The cooler nights and shorter days mean one thing: summer has officially ended and the travel season is over.
It also means that proper storage of your recreational vehicle (RV) for the winter months should be top on your to-do list.
While you might think proper winter storage for your RV is as easy as finding a space in your driveway or yard, in reality, it involves a lot of planning and attention to the finer details.
To make sure your RV is ready for the next camping season, here are quick tips to prepare your mobile home for the colder months ahead.
What is RV winter storage?
RV winter storage refers to the practice of storing recreational vehicles (RVs), including — but not limited to —motorhomes, travel trailers, and camper vans, during the winter months when they are not in use.
This is done to protect the RV from the harsh winter weather, including freezing temperatures, snow, ice, and road salt, which can cause damage to the vehicle and its components.
There are various options for RV winter storage, including:
- Outdoor storage: This is the most basic and affordable option for RV storage, but it offers the least protection. While opting to store your RV outdoors during the winter might save you money compared to renting a storage unit, it also exposes your vehicle to numerous risks. If not managed carefully, this choice could result in significant, long-term damage to your RV, making it advisable to consider alternative storage options.
- Covered storage: Covered storage provides some protection from the elements by sheltering the RV from rain and snow. This option can be a good compromise between cost and protection.
- Indoor storage: Indoor storage facilities, such as warehouses or specially designed RV storage buildings, offer the highest level of protection. RVs are stored inside, protecting them from all weather conditions. However, indoor storage is typically more expensive.
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What factors should you consider when preparing your RV for winter storage?
Storing an RV is an important consideration for RV owners, and the decision between renting storage space or keeping it on your property depends on several factors. Here are some key points to consider when deciding on your RV storage options:
- Cost: Renting an RV storage space can incur additional expenses, such as monthly rental fees. Notably, the cost of storage can vary widely depending on the location, the size of the RV, and the amenities provided (like climate control). Storing it on your property may save you money, but there could be other storage costs like creating a dedicated space or maintaining it.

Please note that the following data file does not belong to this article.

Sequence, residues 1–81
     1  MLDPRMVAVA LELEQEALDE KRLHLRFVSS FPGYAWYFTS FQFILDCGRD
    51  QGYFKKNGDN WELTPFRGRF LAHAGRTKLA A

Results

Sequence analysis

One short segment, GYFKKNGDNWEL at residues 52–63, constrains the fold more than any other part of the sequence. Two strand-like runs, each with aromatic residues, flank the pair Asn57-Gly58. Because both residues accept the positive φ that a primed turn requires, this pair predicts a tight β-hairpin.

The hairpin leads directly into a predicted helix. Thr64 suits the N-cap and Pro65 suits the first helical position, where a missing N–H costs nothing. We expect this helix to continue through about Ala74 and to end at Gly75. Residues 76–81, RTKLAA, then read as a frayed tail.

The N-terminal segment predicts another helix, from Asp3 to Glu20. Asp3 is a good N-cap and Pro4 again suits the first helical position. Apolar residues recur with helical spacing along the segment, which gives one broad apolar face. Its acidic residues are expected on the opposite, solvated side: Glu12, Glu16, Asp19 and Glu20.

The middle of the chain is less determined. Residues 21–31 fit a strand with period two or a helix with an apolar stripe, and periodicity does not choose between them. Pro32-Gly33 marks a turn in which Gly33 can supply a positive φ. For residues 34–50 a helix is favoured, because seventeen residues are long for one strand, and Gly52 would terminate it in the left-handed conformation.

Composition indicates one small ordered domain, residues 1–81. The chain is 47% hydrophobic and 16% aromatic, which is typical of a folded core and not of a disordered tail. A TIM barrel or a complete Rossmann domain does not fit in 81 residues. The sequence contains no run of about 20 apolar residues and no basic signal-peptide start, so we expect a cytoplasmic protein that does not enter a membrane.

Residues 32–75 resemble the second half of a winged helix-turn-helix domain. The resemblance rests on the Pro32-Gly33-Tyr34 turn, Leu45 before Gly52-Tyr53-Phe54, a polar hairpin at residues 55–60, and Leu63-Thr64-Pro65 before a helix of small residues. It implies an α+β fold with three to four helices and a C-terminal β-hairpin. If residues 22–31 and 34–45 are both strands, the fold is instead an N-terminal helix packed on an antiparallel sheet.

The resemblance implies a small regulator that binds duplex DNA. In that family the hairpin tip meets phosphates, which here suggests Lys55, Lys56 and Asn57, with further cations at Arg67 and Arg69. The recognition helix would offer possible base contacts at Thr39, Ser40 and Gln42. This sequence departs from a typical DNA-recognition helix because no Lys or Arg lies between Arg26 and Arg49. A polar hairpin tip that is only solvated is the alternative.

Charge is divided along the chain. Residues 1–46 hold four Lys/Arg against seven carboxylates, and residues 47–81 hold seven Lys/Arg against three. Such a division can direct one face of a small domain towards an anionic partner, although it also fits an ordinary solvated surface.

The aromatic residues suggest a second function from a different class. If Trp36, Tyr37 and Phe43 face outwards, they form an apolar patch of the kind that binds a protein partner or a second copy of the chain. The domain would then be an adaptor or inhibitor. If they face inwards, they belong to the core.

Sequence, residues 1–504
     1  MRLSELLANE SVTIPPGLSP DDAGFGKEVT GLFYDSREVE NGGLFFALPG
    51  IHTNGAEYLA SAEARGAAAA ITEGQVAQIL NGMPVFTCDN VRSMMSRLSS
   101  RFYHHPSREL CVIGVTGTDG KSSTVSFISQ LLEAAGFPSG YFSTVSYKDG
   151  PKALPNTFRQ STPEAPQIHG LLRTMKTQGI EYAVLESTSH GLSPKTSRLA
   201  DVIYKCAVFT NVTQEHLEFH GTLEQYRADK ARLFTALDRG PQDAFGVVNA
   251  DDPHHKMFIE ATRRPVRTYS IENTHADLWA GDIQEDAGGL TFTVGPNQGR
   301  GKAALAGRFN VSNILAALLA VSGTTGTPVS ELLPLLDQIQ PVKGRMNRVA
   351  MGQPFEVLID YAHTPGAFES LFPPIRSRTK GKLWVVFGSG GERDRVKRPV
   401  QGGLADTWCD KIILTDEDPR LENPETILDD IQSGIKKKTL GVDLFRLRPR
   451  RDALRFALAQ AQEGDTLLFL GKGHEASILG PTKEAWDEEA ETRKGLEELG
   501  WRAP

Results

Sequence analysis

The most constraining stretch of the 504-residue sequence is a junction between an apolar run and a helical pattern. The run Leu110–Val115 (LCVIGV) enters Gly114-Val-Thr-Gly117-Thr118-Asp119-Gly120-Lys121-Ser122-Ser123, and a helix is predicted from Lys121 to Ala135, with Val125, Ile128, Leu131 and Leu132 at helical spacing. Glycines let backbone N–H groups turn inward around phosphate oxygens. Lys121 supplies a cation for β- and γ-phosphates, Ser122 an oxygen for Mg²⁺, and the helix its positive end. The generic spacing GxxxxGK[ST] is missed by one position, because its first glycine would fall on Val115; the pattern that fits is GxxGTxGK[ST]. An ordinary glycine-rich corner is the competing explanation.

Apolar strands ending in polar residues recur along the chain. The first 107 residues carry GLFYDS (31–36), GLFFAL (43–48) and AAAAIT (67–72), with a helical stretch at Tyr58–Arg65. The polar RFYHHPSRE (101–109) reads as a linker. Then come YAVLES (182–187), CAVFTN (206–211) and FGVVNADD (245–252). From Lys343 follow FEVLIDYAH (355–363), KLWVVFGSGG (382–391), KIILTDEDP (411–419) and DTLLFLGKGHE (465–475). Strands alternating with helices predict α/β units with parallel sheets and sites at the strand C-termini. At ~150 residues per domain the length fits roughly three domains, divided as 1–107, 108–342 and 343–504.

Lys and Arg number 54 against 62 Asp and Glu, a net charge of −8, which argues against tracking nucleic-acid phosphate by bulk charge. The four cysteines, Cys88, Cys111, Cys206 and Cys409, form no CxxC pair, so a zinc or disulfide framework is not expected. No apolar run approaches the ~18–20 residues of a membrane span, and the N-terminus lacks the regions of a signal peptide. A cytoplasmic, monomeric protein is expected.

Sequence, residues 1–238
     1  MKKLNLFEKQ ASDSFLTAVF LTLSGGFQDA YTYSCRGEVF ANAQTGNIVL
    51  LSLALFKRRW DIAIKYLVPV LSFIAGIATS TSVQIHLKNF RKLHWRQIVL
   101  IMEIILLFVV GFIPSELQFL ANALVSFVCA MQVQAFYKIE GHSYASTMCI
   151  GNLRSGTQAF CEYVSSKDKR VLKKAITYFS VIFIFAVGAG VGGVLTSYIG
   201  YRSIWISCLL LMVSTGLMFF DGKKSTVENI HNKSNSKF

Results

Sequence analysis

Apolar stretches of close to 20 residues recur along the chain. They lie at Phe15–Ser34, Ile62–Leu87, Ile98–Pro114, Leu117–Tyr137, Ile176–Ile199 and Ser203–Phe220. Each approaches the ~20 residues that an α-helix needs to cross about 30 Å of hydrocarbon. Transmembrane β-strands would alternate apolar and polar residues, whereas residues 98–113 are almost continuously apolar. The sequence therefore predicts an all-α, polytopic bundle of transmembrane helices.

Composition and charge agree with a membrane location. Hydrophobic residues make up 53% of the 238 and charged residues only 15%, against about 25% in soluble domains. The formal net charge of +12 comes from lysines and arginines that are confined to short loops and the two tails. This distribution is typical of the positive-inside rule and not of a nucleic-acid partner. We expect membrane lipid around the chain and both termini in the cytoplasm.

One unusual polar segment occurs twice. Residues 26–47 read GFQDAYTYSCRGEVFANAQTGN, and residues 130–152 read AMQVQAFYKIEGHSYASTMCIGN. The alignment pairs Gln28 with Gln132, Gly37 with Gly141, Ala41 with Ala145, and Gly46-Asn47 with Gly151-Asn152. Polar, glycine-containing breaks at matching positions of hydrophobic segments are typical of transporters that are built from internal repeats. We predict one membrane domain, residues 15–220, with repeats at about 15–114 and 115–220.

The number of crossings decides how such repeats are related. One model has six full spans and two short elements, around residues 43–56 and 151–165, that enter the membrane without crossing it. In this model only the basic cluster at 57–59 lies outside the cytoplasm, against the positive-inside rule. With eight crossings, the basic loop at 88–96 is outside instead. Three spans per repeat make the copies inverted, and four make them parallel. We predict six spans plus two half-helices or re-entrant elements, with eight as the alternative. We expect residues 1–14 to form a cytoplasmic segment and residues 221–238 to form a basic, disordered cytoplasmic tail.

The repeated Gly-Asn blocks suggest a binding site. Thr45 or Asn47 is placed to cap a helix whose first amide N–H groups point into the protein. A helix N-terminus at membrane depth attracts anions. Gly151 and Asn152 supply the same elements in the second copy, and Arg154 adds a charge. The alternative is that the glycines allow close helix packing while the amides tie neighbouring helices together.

- Security: RV storage facilities, which are typically commercially operated, often have security measures in place. This includes surveillance cameras, gated access, and on-site staff. Storing your RV at home may require you to invest in additional security features like locks, alarms, or fencing to protect your investment.
- Space and zoning regulations: Another factor to consider when deciding how to store your RV is the available space on your property and local zoning regulations. Some states have restrictions on storing large vehicles on residential properties, so check with your local authorities. In some areas, you may need to create a suitable storage area or even get a permit.
- Climate and weather: While some RV owners overlook this factor, climate in your area plays a significant role in your decision. If you live in an area with harsher winters, it may be wise to opt for indoor or climate-controlled storage to protect your RV from extreme temperatures, snow, and ice. On the other hand, mild climates might make outdoor storage more feasible. Generally, areas in the southern and western parts of the U.S. experience milder winters and may have a shorter winter storage period.
- Maintenance: Whether you choose to store your RV outside or in a covered space, any savvy RV owner knows regular maintenance is essential. This includes cleaning, inspecting for damage, and winterizing if necessary. Climate-controlled storage can help reduce the wear and tear caused by temperature fluctuations.
- Access: Another factor to take into account is how often you plan to use your RV. If you store it at home, you have easy access whenever you want. Renting storage space may be less convenient in terms of access, but it offers security and protection.
- Insurance: Check with your insurance provider to ensure your RV is adequately covered based on your chosen storage method. Some insurance policies may require certain security features for at-home storage.
Why should you properly store your RV for winter?
Properly storing your RV for winter is essential for several reasons. Firstly, RVs are substantial investments, and taking the time to store them correctly helps extend their lifespan.